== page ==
Percent protection = (total collected on control) − (total collected on treatment)/total collected on the control × 100.
The mean application rate of Bushman (deet) was 3.51 ± 1.5 g per 2 legs. A total of 826 mosquitoes were collected during the study, and the main species was Aedes vigilax (810, 99%). The overall mean biting rate of Ae. vigilax on ethanol-treated (control) volunteers was 40.5 ± 9.3 bites per 10 min (Table 1). The mean number of mosquitoes collected throughout the collection period was uniform (1-way ANOVA F4, 10 = 0.35, P = 0.84).
The protection provided by the 2 repellents was significantly different using a 2-way ANOVA (F1, 20 = 16.2, P < 0.001; Fig. 1). Bushman deet provided 100% protection for at least 5 h when the tests ceased. The OFF! Clip-On emanator provided relatively poor protection (42.2–60.9%).
The purpose of this study was to compare the protection provided by deet and the emanator. The study showed that deet was effective for at least 5 h after application, confirming earlier results (Frances 2013, Frances et al. 2014). In this study the OFF! Clip-On emanator provided relatively poor protection against Ae. vigilax (Fig. 1).
Spatial or area repellents create a 3-dimensional zone from which biting arthropods are repelled or within which they fail to bite (Kline and Strickman 2015). Bibbs and Xue (2016) noted that at a minimum airflow (wind) of 5 km/h the OFF! Clip-On emanator caused mortality in mosquitoes placed 0.3 m away from it. However, the emanator was not effective when 5–8 km/h of airflow occurred. In the current study wind speed was not recorded; however, during the 3 nights of testing the wind was variable and was still or a slight breeze. The advantages of spatial repellents include protection of several people with a single product, ease of use, and no need to apply formulations to the skin. Metofluthrin-containing products have been marketed recently in Australia. A product containing metofluthrin-impregnated paper strips was shown to reduce the landing and biting of Aedes aegypti, especially within 1 m of emanators, in houses in Cairns (Darbro et al. 2017). The OFF! Clip-On emanator was released in Australia in 2015, and actively marketed (television, magazine, and radio advertisements) in 2016–17, but has not been actively marketed in the 2 summers since.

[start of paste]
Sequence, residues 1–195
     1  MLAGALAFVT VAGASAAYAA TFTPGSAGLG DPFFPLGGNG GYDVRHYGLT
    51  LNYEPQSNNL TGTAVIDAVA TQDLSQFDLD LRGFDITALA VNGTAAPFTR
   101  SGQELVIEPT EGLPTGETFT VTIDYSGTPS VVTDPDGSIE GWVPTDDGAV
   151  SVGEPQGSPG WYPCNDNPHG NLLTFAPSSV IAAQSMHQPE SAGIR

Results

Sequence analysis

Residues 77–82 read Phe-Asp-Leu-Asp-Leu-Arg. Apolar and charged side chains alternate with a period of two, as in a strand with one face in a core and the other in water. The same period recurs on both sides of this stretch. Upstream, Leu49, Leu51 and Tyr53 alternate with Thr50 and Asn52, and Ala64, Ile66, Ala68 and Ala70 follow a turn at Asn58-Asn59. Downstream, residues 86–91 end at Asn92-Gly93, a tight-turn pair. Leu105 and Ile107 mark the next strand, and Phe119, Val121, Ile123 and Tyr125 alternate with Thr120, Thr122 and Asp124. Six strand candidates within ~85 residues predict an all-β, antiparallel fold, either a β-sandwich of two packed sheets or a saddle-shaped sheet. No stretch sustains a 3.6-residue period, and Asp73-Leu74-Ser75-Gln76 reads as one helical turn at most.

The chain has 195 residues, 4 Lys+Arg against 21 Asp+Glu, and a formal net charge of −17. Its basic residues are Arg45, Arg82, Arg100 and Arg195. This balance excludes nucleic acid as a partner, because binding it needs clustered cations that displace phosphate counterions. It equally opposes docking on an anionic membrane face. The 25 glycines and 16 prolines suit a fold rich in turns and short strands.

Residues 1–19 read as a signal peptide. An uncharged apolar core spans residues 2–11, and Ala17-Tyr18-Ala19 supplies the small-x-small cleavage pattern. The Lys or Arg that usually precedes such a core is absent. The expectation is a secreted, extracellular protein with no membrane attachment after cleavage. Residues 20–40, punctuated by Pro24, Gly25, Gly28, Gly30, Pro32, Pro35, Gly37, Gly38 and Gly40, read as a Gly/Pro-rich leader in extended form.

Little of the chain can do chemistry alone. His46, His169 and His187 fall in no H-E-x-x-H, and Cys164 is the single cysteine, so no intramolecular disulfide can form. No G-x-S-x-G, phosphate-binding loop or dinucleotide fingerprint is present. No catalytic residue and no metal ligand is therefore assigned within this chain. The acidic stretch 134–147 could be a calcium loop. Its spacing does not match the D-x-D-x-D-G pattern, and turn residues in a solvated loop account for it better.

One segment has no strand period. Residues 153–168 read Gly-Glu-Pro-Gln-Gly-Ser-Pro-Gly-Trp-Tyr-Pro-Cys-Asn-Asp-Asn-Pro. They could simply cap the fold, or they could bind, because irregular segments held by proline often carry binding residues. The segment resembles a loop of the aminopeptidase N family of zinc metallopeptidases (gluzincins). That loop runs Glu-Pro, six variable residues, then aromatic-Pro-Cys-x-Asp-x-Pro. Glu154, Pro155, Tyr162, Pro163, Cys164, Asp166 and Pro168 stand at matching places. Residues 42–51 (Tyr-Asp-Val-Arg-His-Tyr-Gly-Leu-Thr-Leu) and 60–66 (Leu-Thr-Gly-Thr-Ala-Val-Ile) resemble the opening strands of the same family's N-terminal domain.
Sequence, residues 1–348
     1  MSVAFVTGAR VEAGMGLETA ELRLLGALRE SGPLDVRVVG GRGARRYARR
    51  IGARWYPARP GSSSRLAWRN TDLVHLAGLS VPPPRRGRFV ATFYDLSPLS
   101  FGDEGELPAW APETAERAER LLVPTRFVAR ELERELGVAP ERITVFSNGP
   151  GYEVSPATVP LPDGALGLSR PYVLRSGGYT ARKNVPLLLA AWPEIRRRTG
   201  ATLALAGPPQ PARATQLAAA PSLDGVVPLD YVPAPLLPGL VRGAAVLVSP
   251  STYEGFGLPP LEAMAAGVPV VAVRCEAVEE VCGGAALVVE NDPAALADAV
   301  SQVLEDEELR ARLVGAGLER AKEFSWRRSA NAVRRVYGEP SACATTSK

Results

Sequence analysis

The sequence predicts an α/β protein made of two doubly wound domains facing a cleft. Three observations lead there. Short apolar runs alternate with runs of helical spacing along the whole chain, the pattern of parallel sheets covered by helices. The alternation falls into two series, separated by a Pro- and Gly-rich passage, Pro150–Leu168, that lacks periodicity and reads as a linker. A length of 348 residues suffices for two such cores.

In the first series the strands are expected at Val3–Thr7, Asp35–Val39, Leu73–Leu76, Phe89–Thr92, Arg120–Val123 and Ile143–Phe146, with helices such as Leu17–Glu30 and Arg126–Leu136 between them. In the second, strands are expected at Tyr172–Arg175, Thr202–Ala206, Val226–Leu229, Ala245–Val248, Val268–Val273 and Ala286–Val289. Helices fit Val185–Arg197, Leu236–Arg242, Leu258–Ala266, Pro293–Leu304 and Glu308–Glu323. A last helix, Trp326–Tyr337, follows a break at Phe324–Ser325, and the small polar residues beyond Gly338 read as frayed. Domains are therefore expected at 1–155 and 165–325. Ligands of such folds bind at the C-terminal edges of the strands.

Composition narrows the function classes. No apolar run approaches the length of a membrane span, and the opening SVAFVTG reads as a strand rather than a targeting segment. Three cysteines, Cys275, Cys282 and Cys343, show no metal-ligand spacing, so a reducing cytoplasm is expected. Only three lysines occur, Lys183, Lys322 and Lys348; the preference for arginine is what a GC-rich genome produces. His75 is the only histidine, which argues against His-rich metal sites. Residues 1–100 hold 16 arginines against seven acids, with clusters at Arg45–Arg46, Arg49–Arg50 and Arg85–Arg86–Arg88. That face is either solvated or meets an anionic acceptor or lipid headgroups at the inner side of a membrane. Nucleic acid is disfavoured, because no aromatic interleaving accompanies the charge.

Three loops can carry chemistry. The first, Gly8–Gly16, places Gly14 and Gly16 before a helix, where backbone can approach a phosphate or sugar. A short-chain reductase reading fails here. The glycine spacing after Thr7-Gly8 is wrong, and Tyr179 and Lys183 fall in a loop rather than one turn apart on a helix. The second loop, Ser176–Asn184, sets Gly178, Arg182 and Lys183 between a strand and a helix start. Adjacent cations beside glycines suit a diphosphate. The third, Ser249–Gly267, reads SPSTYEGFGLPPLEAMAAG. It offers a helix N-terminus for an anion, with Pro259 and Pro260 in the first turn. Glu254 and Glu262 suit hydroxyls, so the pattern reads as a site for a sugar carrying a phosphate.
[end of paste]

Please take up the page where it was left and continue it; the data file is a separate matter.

The biting density of Ae. vigilax has not been studied extensively (Jansen et al. 2015), as it is renowned as a vicious biter. During the current study the biting rate of Ae. vigilax was again recorded as high, with a mean rate (extrapolated) of 240 bites/h (Table 1), and maximum rate (extrapolated) of 640 bites/h. The density of mosquitoes recorded in this study was relatively high, and the study showed that Bushman deet provided 100% protection for at least 5 h against this important pest and vector species, confirming earlier studies at this site (Frances et al. 2014).
The current study has shown that relatively poor protection was provided by the OFF! Clip-On emanator against Ae. vigilax. However, the use of spatial or area repellents has a number of advantages over the topical application of formulations, and with continued active research will eventually result in more effective emanator and chemical systems (Achee et al. 2019).
We thank Cecily Draper, Moreton Bay Regional Council, for allowing us access to the field site and their laboratory, and Robert D. Cooper for comments on the manuscript. The study was conducted under the Australian Defence Health Research and Ethics committee protocol number 774-14, and all participants gave their informed written consent. The opinions expressed herein are those of the authors and do not reflect those of the Australian Defence Force or any Defence policy.
Mention of a commercial product does not constitute an endorsement by the Australian Defence Force.